Apple russetting influenced by more than copper sprays
AuthorsBeth L. Teviotdale
Joseph A. Grant
Authors AffiliationsB.L. Teviotdale is Extension Plant Pathologist, Department of Plant Pathology, UC Davis, located at the Kearney Agricultural Center in Parlier; M. Viveros is UC Cooperative Extension Farm Advisors in Kern and San Joaquin counties, respectively; J.A. Grant is UC Cooperative Extension Farm Advisors in Kern and San Joaquin counties, respectively.
Hilgardia 51(1):11-14. DOI:10.3733/ca.v051n01p11. January 1997.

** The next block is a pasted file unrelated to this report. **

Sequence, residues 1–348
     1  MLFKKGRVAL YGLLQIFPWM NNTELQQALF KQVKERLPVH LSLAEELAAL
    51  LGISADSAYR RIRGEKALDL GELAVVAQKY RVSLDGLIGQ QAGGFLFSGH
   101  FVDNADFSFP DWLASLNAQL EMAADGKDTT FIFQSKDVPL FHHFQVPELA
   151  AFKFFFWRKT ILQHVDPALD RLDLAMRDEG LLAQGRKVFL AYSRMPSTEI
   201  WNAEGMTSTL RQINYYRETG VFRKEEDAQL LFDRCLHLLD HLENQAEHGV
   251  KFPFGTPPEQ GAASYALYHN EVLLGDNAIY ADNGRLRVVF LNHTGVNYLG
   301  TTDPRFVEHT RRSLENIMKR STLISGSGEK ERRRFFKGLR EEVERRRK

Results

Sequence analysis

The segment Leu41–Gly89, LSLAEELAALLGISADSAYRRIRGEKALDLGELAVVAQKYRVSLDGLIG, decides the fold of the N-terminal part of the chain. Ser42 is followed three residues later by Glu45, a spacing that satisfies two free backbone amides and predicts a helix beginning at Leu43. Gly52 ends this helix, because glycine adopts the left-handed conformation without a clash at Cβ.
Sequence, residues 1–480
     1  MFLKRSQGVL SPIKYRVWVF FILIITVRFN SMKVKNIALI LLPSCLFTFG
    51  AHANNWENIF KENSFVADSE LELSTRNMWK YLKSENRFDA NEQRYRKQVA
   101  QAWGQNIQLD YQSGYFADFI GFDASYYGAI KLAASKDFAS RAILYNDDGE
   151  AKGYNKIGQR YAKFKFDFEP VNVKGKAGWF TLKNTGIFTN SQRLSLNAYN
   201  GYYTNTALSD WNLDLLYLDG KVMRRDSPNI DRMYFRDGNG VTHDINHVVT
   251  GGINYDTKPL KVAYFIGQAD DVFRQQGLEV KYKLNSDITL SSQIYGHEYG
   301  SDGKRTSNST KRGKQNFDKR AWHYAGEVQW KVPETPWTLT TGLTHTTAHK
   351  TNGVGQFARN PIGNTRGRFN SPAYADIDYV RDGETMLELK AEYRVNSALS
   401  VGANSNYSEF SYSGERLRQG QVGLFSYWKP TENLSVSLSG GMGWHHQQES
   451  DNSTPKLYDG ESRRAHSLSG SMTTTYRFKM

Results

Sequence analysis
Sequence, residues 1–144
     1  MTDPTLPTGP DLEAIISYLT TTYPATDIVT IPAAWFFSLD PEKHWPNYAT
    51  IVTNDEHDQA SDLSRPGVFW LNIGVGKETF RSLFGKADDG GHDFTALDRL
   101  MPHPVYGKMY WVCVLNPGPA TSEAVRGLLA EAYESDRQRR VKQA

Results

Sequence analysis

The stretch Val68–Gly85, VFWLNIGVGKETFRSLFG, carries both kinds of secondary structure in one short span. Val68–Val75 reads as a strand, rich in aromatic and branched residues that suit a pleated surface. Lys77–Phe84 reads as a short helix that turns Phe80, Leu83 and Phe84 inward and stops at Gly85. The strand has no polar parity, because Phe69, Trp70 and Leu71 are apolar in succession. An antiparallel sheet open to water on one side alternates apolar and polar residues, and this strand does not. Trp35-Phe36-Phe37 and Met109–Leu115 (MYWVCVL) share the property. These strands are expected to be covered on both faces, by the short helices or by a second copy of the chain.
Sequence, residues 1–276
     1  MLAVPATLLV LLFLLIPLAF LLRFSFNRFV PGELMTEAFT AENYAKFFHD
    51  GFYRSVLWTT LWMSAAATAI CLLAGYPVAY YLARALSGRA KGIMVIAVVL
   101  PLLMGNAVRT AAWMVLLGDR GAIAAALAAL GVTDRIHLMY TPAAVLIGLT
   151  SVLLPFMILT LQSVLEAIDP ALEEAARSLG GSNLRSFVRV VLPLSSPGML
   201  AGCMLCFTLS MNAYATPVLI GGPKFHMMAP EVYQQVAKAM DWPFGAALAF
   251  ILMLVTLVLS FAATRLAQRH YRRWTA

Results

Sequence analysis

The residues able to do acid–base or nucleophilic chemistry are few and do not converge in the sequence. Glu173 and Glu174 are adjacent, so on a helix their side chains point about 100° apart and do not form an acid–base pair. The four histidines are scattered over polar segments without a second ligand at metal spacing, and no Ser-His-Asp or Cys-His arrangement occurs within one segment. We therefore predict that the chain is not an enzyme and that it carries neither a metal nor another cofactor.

Apple trees are commonly treated with antibiotics during bloom and early shoot growth to control fire-blight, but antibiotic resistance is a concern. To prevent antibiotic resistance, copper treatments may be beneficial, but would be feasible only if stages in bloom or fruit development could be identified that are not subject to fruit russetting. Most fruit russetting results from injury to epidermal cells early in fruit development. Studies in Kern and San Joaquin counties showed copper-induced russetting of apple fruit was unpredictable and sporadic regardless of application timing. Severity of damage varied from year to year.
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